Coming back to an old thread again.

The attribution of this coin to the reign of Iltutmish seems to come from the work of Wright "The Coinage and metrology of the Sultans of Delhi". It sounds plausible that this was done to commemorate the recognition of the reign of Iltutmish by the Abassid caliph Mustansir. I do not know of any contemporary written evidence for this.

One thing i always found odd with this explanation is that this type must have been produced in parallel with the normal bull and horseman jitals over a prolonged period of time. The Tye catalog shows 3 different symbols on the jhul of the bull. My specimen above shows a fourth unpublished symbol. These symbols on the bull are generally considered year marks. For Iltutmish 25 different marks are known with would fit with his long reign. So, this would suggest these were issued for multiple years. Apart from this i think it would be more logical to mint a shiny silver high denomination coin as a commemorative coin honouring the Caliph. Why choose the lowest base silver coin type for this ?
Another thing that puzzled me is that al the rulers from Muhammad bin Sam upto Masud issued both Horseman/text and Bull/Horseman jitals from Dehli. Where the Bull and horseman jitals keep their distinctive style over several decades. There is however one odd one out; Raziyya sultana did not issue any bull and horseman jitals. G&G just states that the production of these was terminated. Strangely enough, her successors again did issue this type almost unchanged.

That has led to an alternative hypothesis, for which i'd gladly hear your critique.
I believe that under the rule of Raziyya sultana bull and horseman jitals were issued. And it was this type Tye#389 in name of Caliph Mustansir.
Some supportive evidence:
- The presence of 4 different mintmarks would fit with the duration of the reign on Raziyya.
- The position of Raziyya was precarious. She was chosen by her father Iltutmish as successor. But the "counsil of fourty"(The elite ruling nobility) had favoured her brother Feroz, which was not a success. When she did get the throne is was with only a very limited support of the ruling class. So she had to be carefull not to provoke more opposition.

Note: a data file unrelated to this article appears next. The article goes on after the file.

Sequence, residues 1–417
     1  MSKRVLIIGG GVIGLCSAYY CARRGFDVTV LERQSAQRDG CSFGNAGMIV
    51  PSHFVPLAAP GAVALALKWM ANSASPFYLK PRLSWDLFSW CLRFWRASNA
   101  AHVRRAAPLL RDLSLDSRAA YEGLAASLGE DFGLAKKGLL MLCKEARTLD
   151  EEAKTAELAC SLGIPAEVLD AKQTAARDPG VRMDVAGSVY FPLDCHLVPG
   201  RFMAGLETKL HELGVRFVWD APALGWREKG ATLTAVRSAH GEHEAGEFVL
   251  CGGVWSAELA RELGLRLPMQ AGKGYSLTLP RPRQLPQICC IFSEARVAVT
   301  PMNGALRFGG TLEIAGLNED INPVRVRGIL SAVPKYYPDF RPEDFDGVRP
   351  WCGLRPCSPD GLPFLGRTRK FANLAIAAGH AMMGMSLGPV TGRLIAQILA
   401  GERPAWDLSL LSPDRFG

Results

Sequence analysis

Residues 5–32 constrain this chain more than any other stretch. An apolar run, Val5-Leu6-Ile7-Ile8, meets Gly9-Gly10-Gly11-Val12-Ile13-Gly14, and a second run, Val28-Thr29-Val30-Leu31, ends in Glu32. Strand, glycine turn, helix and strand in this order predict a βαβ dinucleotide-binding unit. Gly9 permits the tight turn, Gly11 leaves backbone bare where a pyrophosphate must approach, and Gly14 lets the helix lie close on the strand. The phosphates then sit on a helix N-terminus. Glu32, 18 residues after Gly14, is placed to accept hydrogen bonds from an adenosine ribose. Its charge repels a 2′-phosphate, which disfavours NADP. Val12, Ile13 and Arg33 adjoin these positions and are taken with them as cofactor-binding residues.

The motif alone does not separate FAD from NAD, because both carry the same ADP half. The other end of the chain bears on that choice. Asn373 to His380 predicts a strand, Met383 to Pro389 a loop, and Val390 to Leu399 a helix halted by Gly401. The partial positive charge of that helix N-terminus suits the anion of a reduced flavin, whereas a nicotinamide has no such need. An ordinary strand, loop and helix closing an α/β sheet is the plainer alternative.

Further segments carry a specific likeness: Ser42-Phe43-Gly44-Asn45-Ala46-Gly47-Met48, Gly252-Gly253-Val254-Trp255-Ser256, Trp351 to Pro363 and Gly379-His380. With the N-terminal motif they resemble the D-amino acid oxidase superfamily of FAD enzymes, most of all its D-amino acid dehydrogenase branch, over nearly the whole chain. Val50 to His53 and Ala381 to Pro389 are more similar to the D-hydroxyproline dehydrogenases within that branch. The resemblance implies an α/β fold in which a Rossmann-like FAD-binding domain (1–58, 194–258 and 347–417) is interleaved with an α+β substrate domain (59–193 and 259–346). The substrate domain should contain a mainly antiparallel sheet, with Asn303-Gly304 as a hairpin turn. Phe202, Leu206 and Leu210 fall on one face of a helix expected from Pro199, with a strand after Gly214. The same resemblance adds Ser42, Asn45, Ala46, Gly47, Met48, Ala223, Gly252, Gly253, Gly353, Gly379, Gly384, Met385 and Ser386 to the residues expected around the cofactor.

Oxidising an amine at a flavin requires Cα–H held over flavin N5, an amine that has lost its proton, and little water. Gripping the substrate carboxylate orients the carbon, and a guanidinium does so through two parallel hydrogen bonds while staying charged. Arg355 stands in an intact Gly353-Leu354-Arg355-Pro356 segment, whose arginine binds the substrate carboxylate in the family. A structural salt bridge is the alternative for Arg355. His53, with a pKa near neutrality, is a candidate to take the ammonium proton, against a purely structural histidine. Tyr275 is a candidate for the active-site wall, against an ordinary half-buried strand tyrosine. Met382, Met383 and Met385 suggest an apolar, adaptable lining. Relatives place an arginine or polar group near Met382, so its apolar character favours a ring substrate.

This may be reflected in that there is no coinage known in the name of Raziyya from the first year of her rule. Subsequently she did issue coinage. The first coinage named just here father Iltutmish. Later coinage was issued that named both Iltutmish and Raziyya.
In this situation it might be considered a smart move if Raziyya issued bull and horseman jitals in name of the ruling Caliph. That ought not to provoke resistance and could strengthen the claim to legitimacy of her rule.

My proposed change in attribution is displayed in the graph below.
For this i used some of the line drawings from the Tye Jital catalog for their clarity which i can not improve (Rob, if you mind this use i will remove it)


No problem with use of the pics of course – and yes – that is an excellent suggestion concerning the attribution.  My first inclination is to accept it (as the best guess).

Regarding the interpretation of the change - in terms of the political economy - my initial hunch would be different – that Raziyyah maybe did not have effective control of large parts of the government bureaucracy – and that the officials who did have the power to control that particular output – of the very base Delhi bull and horseman type - did not recognise her, and therefore minted anonymously.  But that is just a guess.

Its long since I read what I believe is our chief source for the period - Juzjani's Tabakat –  published around 1260?  My sense was the problem with that text was not that Juzjani knew too little about contemporary events, but that he knew too much.  That he suppressed a great deal of what he knew as being too politically sensitive to mention.  The translator, Raverty, seems to take that line too, as I recall.  Some of it perhaps remains sensitive even today.

Regarding the more general politics of coin issue and interpretation – a little while back I mentioned some concerns about Federov's work.  The ONS published a lot of Federov's stuff.  At the time Qarakhanid coin was little seen and little understood in the West, and Stan Goron was keen to get articles delving into the matter.  But Federov was mixing his attributional work with what I judged a very simplistic and misleading account of the so called "silver famine".  I wrote to Stan to complain about that.  Amusing thus to discover now, from Toofast, that even much of Federov's attributional work was wrong.

The passage on "Silver Famine" in Steve Album's checklist (II & III) remains a memento of debates at that time.  It's a convoluted piece.  Rather like Juzjani, I judge Steve was wearing a diplomatic hat when he wrote it :), but it deserves careful reading.  The piece I recommended yesterday, by Deyell, I would make a big step forward from all those positions.  At root I have a different perspective on the Indo-Moslem economy, but all the same, that Deyell effort is surely a masterpiece, in my eyes anyhow.